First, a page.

The concept of NEET – young people not in employment, education or training – has been useful in enabling policymakers to better address the disjunctions between young people and the labour market. While the traditional labour market dichotomy of employed or unemployed is valid, it fails to capture modern school-to-work transitions and the legions of young people who are outside the labour market and not accumulating human capital and hence who may be vulnerable to a range of social ills.
In 2015, some 4.6 million young people aged 15–24 were unemployed. This is just a subgroup of the broader category of NEET, which comprises 6.6 million young people, meaning that had the concept of NEET not found currency, 2 million young people would have attracted limited attention from a policy perspective. NEET has put previously marginalised populations such as young mothers, young people with disabilities and young labour market drop-outs back into the policy debate about youth unemployment.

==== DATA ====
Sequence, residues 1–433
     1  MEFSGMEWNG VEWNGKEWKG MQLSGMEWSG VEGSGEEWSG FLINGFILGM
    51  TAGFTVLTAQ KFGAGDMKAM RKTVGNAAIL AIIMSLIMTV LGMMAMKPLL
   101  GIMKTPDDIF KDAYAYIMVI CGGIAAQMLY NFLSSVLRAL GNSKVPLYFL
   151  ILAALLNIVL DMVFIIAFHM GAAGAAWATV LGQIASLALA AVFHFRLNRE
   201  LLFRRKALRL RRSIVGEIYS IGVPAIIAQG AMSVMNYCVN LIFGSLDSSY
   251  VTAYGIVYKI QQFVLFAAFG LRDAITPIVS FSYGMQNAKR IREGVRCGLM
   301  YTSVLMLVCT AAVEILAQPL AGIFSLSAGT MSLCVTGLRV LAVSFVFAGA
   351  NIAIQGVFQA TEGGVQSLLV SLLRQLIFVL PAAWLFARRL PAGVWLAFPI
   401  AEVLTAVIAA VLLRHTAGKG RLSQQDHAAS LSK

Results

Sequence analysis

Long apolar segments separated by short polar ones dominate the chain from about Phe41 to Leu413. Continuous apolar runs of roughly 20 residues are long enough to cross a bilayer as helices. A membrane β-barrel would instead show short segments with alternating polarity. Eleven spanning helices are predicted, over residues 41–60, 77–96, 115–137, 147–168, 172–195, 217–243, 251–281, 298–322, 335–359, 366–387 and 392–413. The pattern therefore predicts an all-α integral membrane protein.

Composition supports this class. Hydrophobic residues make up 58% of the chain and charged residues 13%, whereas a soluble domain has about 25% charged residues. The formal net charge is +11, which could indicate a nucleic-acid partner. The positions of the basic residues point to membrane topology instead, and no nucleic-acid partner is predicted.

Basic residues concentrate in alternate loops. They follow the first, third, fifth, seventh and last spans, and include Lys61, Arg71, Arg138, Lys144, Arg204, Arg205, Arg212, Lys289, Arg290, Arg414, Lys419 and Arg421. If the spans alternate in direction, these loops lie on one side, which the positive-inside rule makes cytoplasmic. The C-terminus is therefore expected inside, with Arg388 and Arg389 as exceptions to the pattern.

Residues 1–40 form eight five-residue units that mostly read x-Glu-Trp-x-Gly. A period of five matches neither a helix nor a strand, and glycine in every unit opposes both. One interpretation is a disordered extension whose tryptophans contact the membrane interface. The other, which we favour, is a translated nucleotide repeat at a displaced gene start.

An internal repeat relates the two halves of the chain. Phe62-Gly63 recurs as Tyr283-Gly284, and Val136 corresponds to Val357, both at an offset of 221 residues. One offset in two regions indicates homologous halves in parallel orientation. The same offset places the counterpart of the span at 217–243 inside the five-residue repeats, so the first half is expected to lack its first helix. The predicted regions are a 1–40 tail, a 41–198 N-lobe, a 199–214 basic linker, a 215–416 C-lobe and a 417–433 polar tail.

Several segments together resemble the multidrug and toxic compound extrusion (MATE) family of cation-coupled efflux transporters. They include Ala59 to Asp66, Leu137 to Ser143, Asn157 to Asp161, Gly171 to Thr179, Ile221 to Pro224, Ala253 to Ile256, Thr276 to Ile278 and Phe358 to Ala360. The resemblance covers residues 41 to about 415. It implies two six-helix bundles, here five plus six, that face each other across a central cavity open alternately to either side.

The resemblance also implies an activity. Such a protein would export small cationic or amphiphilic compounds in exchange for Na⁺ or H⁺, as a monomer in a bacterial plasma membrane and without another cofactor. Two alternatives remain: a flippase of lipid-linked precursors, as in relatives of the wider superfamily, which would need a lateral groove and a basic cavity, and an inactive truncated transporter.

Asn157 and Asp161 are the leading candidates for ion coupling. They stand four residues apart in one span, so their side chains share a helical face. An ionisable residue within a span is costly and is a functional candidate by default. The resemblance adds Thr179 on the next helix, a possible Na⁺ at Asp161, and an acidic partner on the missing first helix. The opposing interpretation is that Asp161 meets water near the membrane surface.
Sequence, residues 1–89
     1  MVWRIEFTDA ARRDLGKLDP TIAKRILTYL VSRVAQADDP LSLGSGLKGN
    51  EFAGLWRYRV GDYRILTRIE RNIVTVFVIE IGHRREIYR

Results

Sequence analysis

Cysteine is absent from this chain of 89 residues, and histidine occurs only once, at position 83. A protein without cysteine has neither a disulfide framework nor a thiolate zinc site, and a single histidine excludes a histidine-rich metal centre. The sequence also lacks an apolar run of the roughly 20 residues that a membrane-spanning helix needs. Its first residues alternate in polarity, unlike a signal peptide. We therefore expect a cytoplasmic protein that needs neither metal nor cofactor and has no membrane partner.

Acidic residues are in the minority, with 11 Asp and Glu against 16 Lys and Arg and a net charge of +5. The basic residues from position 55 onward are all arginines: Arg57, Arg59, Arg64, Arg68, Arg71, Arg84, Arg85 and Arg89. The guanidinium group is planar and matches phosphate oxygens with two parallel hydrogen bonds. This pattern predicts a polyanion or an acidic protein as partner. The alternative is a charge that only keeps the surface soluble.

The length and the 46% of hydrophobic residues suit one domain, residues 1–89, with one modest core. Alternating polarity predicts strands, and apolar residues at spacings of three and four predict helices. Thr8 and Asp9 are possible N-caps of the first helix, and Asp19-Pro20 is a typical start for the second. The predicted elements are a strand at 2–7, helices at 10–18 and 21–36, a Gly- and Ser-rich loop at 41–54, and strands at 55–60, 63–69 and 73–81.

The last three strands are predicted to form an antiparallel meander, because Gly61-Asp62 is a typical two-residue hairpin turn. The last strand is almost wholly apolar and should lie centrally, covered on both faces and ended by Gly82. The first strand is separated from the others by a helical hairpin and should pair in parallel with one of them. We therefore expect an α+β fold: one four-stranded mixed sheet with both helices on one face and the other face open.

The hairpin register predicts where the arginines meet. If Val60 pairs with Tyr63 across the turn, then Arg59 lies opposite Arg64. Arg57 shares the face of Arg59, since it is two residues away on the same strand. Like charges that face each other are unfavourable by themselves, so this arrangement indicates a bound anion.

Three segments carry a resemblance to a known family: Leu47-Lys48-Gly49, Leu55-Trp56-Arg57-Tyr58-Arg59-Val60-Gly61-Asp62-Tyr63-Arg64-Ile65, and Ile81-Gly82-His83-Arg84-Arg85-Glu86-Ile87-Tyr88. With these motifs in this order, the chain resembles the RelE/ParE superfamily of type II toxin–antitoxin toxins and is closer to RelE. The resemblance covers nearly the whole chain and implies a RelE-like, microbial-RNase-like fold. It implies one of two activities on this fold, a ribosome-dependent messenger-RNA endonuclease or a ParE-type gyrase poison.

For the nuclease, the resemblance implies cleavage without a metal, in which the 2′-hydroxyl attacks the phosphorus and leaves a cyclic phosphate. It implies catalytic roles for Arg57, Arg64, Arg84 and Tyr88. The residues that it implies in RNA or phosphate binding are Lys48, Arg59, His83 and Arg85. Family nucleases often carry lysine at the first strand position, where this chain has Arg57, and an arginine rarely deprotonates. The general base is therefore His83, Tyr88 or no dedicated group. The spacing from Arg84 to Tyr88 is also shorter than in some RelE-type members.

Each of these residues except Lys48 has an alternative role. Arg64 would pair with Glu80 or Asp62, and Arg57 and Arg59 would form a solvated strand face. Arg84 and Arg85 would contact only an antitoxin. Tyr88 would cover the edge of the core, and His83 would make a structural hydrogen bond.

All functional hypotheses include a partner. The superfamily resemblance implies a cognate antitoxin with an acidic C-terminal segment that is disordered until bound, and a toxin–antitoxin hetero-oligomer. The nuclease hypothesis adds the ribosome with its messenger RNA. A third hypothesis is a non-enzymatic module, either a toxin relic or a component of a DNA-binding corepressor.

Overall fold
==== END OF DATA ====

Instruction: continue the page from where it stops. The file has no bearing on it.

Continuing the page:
NEETs is a broad category encompassing a heterogeneous population. Disentangling the subgroups within it is essential for a better understanding of their different characteristics and needs, and for tailoring effective policies to reintegrate them into the labour market or education.